Egg Shells

Why You Should Never Put Eggshells Down Your Garbage Disposal

For many homeowners, the garbage disposal in the sink is an afterthought. It’s where the food waste goes because you don’t want it to stink up your trash can.

This is understandable. Nobody wants the unpleasant aroma of trash lingering in their home. But, many homeowners don’t realize that some foods should never be put into a garbage disposal.

Today, we’d like to highlight one food item in particular: eggshells.

For many families, eggs are a staple in the home. Consumed daily and prepared in countless ways. But, while you’re busy thinking about cooking your eggs, the shells are likely something you don’t put much thought into. Most homeowners simply toss them in the trash or the sink, while keeping the focus on not burning the eggs (again).

Below, we discuss some of the most common questions about eggshells, why you shouldn’t put them in your garbage disposal, and what you should do with them instead.

Can You Put Eggshells in the Garbage Disposal?

No. This is not a wise idea.

When they are ground up, eggshells can quickly turn into tiny particles that, in turn, may lead to a clog in your garbage disposal, or even in your pipes.

To help you visualize what could potentially happen, pretend for a moment that ground-up eggshells are like sand. Tiny particles that may flow with water, but may also clump together and create a blockage. When confined in small spaces, such as the inside of a pipe, it is more likely that the eggshell-sand will clump together.


Do Eggshells Sharpen Garbage Disposal Blades?

This is unlikely. In fact, a garbage disposal doesn’t use “blades” to break down your food.

But, it is also worth noting that you will likely get different answers depending on who you ask. The general consensus is that eggshells will not sharpen any of the components inside the unit. In fact, these may actually cause more problems than you set out to resolve.

Try Using Ice

If you’re looking to sharpen the “blades” — they’re actually grinders — inside your disposal, you should try using ice. Any size or shape will work, as long as the ice is frozen solid. Avoid the softer flake or nugget ice, as those won’t pose a significant challenge to the unit.

The upside to using ice, is that nothing will be left behind that may cause issues or clog your disposal. Unlike eggshells or citrus peels, the melted ice water will simply go down the drain.





Is This the Same For All Disposals?

Probably not. The usage tips will likely vary for all brands, as well as all models manufactured by those brands. It would be wise to refer to the user manual for your model to get the precise answer.

However, despite what may be listed in the user manual or what type of waste your disposal is capable of handling, it is still wise to avoid putting eggshells down the unit.

Even with the best of the best garbage disposals, you will be unable to eliminate the potential problems that finely-ground eggshells may create inside your pipes. Over time, they may build-up and create a clog. This can lead to some very costly repairs.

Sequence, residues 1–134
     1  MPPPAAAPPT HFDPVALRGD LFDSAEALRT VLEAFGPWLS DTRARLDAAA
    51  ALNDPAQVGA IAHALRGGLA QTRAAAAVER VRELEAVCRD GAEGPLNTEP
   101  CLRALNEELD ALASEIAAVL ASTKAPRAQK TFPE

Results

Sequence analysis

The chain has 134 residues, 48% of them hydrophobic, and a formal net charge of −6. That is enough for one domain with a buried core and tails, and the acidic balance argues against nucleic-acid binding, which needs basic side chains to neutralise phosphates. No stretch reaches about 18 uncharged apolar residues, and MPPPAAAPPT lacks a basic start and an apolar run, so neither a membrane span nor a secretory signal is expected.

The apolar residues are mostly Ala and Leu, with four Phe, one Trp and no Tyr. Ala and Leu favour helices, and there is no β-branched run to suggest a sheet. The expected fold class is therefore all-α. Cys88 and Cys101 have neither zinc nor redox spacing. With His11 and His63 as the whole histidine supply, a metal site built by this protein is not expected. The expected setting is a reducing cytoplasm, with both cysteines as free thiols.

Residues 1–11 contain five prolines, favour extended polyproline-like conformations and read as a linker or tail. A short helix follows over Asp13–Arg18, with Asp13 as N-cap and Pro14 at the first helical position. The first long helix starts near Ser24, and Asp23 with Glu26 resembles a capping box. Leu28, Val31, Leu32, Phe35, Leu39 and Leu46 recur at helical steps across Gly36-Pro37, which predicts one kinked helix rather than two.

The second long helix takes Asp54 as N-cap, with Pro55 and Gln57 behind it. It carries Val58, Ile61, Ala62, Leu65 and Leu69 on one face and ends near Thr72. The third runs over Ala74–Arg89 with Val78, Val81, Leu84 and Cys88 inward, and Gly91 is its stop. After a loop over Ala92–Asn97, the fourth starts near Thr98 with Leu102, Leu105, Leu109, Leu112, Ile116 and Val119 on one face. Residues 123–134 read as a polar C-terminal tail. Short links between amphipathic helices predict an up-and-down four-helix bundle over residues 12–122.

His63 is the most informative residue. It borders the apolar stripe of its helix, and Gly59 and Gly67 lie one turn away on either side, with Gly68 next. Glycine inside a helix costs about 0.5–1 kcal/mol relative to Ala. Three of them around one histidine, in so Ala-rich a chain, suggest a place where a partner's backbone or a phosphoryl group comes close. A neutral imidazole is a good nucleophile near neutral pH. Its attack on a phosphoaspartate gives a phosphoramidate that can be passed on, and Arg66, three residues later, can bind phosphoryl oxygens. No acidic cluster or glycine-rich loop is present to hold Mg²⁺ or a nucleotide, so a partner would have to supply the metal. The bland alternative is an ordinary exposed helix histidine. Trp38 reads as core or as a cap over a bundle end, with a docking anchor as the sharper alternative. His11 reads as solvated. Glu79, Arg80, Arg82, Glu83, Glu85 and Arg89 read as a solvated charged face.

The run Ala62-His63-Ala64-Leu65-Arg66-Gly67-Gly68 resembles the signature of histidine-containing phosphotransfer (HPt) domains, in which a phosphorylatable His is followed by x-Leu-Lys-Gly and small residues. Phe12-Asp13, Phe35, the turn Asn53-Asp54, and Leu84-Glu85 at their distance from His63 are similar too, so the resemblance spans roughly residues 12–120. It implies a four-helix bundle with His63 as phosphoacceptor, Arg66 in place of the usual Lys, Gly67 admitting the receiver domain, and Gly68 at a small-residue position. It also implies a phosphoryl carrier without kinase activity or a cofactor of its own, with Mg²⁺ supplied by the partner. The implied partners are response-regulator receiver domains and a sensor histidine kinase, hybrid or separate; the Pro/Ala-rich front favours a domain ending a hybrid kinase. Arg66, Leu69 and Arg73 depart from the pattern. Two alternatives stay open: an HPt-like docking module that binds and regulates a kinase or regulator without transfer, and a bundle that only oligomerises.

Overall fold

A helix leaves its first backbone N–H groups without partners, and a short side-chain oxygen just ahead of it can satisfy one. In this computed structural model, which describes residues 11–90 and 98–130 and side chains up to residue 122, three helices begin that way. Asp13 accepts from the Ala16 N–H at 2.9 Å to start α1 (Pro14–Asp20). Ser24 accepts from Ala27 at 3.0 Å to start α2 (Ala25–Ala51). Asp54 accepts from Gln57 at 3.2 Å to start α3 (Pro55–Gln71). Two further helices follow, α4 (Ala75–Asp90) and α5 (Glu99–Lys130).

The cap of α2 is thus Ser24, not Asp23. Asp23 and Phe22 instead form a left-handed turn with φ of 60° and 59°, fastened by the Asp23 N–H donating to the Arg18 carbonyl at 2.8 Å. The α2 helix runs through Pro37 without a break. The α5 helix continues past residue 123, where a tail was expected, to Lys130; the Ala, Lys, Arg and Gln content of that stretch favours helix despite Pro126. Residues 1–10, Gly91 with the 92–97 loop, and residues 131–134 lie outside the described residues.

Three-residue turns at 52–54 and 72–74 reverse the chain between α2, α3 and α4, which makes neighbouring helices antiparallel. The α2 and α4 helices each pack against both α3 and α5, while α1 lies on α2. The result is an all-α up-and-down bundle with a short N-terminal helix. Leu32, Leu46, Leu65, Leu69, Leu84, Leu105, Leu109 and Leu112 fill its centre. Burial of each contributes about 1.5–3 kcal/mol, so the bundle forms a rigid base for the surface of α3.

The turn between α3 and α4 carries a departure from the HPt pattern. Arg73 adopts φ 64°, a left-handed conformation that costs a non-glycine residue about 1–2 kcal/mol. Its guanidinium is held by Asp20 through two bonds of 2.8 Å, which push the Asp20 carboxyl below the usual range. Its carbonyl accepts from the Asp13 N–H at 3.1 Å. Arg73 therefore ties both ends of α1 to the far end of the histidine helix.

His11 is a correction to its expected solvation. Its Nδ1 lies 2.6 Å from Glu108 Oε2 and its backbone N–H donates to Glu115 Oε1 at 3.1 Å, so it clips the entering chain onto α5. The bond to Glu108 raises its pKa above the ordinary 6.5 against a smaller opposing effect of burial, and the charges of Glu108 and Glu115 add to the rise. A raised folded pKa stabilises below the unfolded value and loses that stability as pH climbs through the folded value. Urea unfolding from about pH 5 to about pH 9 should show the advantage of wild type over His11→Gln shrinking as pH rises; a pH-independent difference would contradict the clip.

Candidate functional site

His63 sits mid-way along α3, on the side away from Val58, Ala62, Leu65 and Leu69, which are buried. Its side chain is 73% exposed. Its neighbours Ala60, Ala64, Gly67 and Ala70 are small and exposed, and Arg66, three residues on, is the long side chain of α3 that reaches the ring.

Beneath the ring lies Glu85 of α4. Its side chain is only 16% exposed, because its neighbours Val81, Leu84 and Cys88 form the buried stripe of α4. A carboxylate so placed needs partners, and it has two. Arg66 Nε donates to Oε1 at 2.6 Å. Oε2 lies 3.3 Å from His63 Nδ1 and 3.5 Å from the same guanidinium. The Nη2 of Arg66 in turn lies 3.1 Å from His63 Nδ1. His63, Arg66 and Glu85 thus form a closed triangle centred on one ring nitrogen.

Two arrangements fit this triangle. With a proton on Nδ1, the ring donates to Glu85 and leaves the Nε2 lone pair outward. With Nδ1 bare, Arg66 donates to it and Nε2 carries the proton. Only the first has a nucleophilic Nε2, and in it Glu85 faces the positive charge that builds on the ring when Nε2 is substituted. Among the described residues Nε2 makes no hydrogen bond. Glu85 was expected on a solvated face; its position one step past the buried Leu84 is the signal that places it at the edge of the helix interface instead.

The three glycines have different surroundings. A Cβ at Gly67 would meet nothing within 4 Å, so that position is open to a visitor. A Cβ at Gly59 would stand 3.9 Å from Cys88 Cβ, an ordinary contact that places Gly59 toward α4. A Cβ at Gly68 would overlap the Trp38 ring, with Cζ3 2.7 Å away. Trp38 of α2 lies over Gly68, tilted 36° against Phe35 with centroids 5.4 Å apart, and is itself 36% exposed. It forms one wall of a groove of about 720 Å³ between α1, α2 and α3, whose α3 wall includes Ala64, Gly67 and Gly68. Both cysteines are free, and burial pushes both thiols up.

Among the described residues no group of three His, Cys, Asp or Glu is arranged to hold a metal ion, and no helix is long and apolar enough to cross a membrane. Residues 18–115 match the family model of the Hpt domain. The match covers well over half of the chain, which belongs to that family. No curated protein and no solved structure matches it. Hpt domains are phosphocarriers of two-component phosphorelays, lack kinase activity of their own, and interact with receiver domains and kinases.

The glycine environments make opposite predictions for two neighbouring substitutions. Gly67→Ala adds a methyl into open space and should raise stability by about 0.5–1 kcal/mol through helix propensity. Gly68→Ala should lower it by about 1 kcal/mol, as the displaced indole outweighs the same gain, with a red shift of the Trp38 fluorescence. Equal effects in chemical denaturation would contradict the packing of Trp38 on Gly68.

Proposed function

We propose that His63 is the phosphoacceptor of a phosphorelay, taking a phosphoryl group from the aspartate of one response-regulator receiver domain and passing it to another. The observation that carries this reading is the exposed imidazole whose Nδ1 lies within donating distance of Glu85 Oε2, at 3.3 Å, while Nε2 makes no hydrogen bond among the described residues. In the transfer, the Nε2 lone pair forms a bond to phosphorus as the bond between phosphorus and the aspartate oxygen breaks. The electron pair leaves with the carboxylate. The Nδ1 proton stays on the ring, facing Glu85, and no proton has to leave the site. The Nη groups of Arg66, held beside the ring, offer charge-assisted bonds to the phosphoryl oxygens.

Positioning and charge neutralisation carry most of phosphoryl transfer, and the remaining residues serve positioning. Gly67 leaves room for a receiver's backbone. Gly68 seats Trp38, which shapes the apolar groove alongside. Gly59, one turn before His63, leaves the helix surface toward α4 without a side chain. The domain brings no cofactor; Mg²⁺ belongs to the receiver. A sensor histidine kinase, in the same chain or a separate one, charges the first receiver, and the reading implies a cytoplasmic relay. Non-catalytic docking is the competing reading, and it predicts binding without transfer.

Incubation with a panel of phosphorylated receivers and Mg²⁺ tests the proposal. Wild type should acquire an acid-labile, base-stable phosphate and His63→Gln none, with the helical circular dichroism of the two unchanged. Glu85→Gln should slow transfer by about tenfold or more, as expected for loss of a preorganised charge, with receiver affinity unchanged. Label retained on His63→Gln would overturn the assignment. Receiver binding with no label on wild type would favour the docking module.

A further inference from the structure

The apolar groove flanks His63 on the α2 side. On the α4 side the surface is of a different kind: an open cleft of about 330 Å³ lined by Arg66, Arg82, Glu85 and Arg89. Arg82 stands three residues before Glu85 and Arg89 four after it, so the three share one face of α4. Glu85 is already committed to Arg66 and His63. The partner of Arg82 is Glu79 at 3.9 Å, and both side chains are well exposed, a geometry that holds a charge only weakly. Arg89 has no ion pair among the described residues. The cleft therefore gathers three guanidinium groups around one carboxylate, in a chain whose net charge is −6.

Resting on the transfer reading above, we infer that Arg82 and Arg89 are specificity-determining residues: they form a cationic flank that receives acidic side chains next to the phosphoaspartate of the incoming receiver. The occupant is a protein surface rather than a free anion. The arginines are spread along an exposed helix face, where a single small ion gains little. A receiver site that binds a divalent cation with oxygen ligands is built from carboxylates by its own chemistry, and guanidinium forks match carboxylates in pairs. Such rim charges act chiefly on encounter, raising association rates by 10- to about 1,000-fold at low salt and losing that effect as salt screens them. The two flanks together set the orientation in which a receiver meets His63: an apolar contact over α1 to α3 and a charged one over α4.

What Can You Do With Eggshells?

While your average person may consider to them to be waste, eggshells have many uses. The below suggestions are simple and easy for every homeowner.

  • Dry, Grind & Add to Soil — You can use egg shells in your yard or garden to help replenish nutrients in the soil. For maximum effectiveness, it is recommended that you grind your shells as fine as possible, and then sprinkle it around your yard or garden.
  • Compost — Similar to tossing them in your yard, you can also add egg shells to your compost bin. This will expedite the decomposition process, giving the compost a boost of calcium. For gardeners, this is an easy way to avoid your pepper important nutrient.
  • Use For Seedlings — Instead of buying a seed-starter pot, you can use old egg shells to start seedlings. This is not only an easy way to get kids involved with gardening, but the shell also acts as a natural source of food for your plants as it decomposes. More on that below.

What Are Egg Shells Made Of?

When broken down and analyzed, egg shells are comprised almost entirely of calcium carbonate.

With the same molecular formula as limestone, calcium carbonate is commonly used for calcium supplements, antacids and chalk.


Are Eggshells Good for Plants?

Yes, but not as a substitute for fertilizer or other liming material.

According to multiple studies, egg shells can be used to help supplement the soil with calcium. However, to have any meaningful effect, the shells need to be ground as fine as possible. Simply tossing the shells in your yard and crushing them with your hands or feet is not going to provide the soil with any sort of timely benefits. The decomposition process is incredibly slow.

With that said, there is no harm of adding large shells to your yard. While you may not replenish the soil as quickly as you hoped, there is no risk to your grass or plants.


One thought on “Why You Should Never Put Eggshells Down Your Garbage Disposal

  • Garbage disposals do not have blades. They have impellers that are not sharp, but blunt. So, putting ice or egg shells down the disposal to “sharpen” the blades will not do any good.

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